Council members viewed potential designs last week for a proposed multi-use farmers’ market facility and voiced approval to move forward with a proposed food truck court to be located between United Bank and Piggly Wiggly.
Trey Gavin, senior vice president and partner with ESG Engineering, presented an open-air design for the multi-use facility under consideration for the corner of East Gordon and Hightower Streets, estimated to cost between $900,000 and $1 million.
The 54-foot by 120-foot pavilion style structure shown to council featured a large fireplace at one end, detached bathrooms and storage, courtyards, and a possible concession area to create a “farmers’ market feel,” Gavin said.
“This facility [would accommodate] any type of event, including music within the Entertainment District,” City Manager Russell Thompson told board members. “One of the common themes in downtown development is a need for public restrooms, and this also would provider spillover parking with proximity to downtown.”
Thompson noted that concerts held on the square require approval of the Georgia Department of Transportation for closure of state routes. If necessary, similar events could be held at the proposed location without interrupting traffic flow through downtown.
Gavin said he had pursued grants to offset expense, but supplemental funding is “not promising.” In a previous meeting, Thompson told council the debt service for the proposed facility has been budgeted.
Thompson added that city staff approached county officials regarding a partnership with the Upson County Commission, including the facility in joint projects with a modification to the current master services agreement.
“The chairman (Norman Allen) has reached out and there is at least some support at the county level for participation in exchange for developmental input on design and operation,” Thompson said. “As we’re in the [early] stage of development… do we envision it as being a city project, or do we want to pursue participation?”
“I think it would be wise to meet with community stakeholders for input, but I can’t imagine anybody who’s invested in downtown would view this as a negative,” Councilman Ryan Tucker said. “It’s just important to get everyone on the same page.”
Thompson noted that the city has seen approximately $7 million in private investment during the last year.
“It’s important to illustrate that we’re willing to invest in our own downtown to bolster the environment with public resources and amenities,” he said.
A permanent location for a farmers’ market was among top priorities of a resident survey conducted during the Heart & Soul initiative, a collaborative effort between the City of Thomaston and Upson County.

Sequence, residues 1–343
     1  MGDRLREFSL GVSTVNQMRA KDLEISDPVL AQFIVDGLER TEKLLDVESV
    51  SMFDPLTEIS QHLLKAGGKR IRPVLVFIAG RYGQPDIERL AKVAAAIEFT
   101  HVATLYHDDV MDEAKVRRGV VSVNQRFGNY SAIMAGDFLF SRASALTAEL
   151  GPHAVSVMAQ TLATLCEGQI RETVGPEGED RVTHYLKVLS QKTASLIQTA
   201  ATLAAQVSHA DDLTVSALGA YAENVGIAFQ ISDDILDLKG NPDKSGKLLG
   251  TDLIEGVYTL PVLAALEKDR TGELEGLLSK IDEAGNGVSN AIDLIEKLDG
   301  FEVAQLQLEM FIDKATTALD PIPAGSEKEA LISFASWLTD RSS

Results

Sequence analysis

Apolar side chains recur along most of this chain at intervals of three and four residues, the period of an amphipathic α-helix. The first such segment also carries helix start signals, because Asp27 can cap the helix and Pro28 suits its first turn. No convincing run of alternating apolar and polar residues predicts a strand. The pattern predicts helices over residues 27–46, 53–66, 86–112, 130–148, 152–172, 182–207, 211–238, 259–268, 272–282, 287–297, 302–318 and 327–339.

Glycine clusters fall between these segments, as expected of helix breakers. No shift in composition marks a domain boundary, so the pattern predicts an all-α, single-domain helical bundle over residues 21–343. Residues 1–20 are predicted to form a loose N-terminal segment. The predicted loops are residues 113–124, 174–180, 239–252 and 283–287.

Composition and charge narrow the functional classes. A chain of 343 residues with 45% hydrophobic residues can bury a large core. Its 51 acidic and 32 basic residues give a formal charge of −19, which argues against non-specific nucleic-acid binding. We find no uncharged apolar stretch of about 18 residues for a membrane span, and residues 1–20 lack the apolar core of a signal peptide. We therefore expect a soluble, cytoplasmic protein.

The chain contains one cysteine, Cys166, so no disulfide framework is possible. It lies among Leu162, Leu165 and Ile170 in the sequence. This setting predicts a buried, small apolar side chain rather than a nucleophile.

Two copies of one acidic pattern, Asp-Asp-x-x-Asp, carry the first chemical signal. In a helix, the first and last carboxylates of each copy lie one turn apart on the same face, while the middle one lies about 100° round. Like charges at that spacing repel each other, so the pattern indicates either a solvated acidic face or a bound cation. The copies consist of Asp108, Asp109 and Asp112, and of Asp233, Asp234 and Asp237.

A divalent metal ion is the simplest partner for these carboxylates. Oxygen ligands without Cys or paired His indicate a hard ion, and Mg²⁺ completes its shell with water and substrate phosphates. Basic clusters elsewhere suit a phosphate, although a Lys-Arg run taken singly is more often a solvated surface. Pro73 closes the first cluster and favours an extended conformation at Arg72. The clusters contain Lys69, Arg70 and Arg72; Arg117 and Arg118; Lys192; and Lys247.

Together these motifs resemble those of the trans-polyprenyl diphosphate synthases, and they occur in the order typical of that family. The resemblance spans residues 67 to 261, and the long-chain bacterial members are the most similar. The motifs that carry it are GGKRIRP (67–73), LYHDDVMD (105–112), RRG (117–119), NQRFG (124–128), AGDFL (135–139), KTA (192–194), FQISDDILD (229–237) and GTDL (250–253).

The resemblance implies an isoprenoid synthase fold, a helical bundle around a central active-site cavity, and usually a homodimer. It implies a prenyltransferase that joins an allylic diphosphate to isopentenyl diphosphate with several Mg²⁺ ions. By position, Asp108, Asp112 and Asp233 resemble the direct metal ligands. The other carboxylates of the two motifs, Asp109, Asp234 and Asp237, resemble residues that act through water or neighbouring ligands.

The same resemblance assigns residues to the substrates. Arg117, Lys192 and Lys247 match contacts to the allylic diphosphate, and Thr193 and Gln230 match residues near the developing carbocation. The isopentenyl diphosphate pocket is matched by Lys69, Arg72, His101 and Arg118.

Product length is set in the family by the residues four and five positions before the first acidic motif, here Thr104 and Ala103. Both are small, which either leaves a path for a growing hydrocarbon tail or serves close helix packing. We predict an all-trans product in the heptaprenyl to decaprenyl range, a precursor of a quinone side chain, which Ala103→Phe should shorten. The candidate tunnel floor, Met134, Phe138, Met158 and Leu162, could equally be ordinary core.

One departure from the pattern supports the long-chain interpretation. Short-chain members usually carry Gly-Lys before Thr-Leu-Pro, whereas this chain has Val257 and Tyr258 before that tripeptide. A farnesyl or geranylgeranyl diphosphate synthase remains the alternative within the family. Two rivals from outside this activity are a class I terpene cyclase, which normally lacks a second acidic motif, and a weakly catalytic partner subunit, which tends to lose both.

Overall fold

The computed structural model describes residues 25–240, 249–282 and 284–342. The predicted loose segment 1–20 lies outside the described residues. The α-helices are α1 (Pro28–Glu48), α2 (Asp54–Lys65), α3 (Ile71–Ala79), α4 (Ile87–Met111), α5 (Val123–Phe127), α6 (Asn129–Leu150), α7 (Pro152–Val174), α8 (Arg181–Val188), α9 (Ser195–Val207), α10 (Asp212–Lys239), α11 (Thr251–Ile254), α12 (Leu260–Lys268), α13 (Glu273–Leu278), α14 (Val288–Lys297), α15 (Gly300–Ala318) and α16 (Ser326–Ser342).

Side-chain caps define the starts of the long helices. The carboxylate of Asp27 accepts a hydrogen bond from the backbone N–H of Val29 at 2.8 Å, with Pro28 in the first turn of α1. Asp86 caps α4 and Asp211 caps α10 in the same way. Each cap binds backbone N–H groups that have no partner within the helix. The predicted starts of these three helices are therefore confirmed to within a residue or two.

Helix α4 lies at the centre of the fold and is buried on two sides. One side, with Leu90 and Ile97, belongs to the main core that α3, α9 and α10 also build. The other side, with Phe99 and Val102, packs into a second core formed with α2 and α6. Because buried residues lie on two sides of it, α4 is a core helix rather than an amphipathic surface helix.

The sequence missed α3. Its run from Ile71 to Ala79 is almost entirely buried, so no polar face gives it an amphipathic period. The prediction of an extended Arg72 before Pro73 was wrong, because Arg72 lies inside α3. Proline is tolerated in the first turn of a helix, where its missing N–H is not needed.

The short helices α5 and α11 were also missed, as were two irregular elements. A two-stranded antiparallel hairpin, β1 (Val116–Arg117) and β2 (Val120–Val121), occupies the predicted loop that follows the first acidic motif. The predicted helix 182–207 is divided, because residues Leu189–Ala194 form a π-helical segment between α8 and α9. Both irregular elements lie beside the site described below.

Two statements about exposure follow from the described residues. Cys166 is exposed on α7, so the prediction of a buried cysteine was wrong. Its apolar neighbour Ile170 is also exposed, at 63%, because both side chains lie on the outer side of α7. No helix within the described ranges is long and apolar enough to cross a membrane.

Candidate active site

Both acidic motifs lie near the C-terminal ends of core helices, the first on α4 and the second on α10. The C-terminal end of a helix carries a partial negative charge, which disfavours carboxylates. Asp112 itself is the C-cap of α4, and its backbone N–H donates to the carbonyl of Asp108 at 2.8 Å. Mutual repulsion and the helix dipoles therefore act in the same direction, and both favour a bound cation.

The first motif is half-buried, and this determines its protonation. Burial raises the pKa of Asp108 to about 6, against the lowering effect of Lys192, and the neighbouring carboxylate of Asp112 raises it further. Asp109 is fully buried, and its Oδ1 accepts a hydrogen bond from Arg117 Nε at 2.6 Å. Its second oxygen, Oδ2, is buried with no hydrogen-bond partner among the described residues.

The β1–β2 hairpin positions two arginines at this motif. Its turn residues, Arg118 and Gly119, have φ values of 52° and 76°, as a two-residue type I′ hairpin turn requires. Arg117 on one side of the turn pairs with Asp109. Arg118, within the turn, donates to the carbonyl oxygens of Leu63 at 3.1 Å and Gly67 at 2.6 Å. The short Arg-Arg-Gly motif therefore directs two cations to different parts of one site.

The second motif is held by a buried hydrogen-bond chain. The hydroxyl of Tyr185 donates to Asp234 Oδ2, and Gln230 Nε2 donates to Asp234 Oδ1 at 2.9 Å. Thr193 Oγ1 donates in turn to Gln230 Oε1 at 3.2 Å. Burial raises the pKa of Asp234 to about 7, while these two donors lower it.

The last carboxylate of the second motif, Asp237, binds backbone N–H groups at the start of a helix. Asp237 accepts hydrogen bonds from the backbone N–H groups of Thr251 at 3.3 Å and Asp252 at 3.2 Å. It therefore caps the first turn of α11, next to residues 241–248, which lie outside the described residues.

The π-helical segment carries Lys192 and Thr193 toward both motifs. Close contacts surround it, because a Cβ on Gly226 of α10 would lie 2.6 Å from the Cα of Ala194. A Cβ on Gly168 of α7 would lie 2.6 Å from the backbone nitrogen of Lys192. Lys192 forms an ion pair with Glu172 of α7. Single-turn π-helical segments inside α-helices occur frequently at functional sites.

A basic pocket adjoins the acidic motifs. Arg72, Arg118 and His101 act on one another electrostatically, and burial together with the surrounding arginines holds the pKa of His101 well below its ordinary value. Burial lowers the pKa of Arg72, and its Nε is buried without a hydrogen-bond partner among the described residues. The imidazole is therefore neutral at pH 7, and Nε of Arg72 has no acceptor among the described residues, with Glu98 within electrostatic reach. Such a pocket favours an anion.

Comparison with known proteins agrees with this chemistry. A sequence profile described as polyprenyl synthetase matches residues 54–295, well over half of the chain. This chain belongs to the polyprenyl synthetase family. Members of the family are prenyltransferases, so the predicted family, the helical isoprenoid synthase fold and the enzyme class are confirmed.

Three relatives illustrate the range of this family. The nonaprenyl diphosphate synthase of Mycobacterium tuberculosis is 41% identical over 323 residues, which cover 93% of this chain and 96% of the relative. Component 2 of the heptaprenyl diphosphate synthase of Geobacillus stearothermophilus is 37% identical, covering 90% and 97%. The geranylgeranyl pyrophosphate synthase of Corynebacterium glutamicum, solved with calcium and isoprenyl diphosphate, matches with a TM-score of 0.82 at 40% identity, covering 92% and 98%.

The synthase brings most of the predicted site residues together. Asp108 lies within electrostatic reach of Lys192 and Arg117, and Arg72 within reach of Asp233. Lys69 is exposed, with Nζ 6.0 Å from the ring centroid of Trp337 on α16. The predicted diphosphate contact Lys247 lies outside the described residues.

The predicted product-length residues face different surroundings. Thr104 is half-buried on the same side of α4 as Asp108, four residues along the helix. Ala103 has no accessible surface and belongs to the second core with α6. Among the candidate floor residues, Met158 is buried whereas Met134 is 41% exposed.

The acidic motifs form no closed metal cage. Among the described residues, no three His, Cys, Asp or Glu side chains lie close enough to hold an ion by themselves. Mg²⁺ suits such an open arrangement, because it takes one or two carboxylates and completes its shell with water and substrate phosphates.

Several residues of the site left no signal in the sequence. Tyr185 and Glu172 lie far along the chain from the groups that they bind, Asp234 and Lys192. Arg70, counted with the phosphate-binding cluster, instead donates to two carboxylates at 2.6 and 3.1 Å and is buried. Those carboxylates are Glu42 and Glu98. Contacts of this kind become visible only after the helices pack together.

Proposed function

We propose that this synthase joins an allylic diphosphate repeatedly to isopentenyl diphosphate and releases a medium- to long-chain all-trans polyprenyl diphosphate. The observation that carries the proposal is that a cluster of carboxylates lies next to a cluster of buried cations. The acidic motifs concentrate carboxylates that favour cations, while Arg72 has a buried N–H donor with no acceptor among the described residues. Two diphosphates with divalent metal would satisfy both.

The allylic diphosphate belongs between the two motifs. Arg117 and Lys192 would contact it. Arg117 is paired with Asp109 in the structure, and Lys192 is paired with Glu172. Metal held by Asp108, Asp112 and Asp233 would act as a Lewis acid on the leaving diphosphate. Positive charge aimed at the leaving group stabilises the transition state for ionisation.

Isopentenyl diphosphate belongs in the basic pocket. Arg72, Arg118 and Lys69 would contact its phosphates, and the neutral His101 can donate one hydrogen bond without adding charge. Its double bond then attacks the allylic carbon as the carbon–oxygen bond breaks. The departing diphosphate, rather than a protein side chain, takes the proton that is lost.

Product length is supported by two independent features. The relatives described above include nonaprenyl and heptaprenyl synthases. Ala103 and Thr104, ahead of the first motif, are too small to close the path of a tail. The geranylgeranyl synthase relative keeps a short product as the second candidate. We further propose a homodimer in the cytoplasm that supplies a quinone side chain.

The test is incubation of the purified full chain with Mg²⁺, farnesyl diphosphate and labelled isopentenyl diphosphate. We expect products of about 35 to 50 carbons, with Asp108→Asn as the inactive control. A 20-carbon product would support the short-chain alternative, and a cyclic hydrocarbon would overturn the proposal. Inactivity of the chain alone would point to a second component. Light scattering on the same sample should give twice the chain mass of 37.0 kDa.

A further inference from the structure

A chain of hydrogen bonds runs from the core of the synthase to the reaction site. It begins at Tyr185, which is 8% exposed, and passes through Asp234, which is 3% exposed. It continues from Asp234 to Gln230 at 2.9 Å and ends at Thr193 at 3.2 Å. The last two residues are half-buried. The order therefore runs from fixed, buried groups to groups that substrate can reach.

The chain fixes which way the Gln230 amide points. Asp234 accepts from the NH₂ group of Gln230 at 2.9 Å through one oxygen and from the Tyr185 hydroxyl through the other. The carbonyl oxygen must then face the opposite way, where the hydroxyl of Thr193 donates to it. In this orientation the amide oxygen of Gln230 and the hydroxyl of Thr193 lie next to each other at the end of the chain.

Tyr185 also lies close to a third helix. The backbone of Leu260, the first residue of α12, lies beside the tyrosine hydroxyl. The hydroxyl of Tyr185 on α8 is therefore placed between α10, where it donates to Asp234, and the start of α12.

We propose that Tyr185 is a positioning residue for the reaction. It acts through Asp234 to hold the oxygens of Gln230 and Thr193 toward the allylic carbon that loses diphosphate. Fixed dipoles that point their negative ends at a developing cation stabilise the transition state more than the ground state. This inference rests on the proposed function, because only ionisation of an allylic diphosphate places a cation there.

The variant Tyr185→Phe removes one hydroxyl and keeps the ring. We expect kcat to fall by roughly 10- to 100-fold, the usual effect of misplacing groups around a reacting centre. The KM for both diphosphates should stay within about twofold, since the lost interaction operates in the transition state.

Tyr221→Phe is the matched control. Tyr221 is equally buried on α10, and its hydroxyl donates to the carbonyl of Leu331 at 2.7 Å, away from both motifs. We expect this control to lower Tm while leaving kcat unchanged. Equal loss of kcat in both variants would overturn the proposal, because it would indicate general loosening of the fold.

A second, less costly project, involves property off Railroad Street, which connects North Center and North Church streets between United Bank and Piggly Wiggly.
“The intent is to regulate food trucks within the corporate limits of the city to concentrate them in one area of commerce, where they’re not close to another restaurant or similar type business,” Thompson explained. “But they also have general access to traffic and marketability. This property stood out because of the location.”
The location provides exposure, in both directions, on the busiest corridor through downtown.
“We have limited space and a limited budget,” said Public Works Director Kyle McGee, who described the proposed court as an area where patrons could “grab to go” or “sit and picnic.”
McGee said a one-way, east-to-west lane could be created north of Railroad Street, with diagonal parking on the north side and food truck areas on the south side. He said he envisions a “courtyard look” with landscaping, including trees which are “ready to be planted.”
Economic Development Coordinator Taylor Smith said the food court would be a “good opportunity” for start-up restaurants which could develop into new “brick-and-mortar” businesses in Thomaston.
Thompson said the city could lease the property from owner Norfolk Southern Railroad for $1 per year and make a substantial “aesthetic improvement” in the north downtown area. The city would be responsible for required insurance, and likely would charge a fee for food trucks to participate.
In other business, Thompson said two city departments are using the northern 30 acres of a Pobiddy Road tract co-owned by the county for “borrow dirt.” The city and county are slated to auction the property and split proceeds.
“For many years, the city has been clipping the top of this hill [for fill dirt],” McGee said. If we lose our source of dirt, we’d have to purchase dirt, and it is not cheap. Right now, we have free dirt… a large amount.”
Thompson said his recommendation is to propose to county officials that the remainder of the property be auctioned, then pay the county its portion of the 30 acres in question from proceeds of the other sales.
Council also voted to approve a $28,384 expense for purchase of a side-by-side off-road vehicle for Thomaston Fire Department.
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